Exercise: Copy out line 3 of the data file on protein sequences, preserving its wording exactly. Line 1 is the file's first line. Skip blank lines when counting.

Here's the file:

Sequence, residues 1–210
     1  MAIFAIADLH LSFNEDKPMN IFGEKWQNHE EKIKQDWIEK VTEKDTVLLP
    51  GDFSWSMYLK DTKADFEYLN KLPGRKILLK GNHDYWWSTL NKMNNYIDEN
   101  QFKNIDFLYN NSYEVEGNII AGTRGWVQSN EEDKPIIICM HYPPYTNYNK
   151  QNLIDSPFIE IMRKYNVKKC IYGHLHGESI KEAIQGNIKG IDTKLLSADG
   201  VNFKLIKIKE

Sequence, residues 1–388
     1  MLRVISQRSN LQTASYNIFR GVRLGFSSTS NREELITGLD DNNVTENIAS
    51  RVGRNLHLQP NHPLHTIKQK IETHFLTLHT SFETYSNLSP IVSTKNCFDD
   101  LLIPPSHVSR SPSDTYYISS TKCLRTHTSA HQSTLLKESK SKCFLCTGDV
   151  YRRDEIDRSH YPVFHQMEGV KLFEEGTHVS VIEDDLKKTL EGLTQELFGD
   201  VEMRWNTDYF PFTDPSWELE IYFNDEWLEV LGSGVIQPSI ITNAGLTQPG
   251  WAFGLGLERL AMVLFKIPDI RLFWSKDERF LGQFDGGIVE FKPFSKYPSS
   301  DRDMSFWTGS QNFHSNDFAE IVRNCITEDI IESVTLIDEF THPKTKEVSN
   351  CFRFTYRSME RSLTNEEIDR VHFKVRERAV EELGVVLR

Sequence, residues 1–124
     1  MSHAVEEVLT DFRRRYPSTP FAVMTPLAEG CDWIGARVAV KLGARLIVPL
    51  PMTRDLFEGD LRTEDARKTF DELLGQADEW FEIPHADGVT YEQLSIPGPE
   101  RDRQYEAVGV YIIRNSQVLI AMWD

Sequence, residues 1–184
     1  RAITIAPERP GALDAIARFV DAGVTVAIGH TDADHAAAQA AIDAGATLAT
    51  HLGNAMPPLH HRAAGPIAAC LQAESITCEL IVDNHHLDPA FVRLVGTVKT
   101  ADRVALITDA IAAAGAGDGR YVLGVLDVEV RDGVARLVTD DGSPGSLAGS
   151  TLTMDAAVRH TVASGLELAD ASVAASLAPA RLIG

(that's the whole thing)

    51  GDFSWSMYLK DTKADFEYLN KLPGRKILLK GNHDYWWSTL NKMNNYIDEN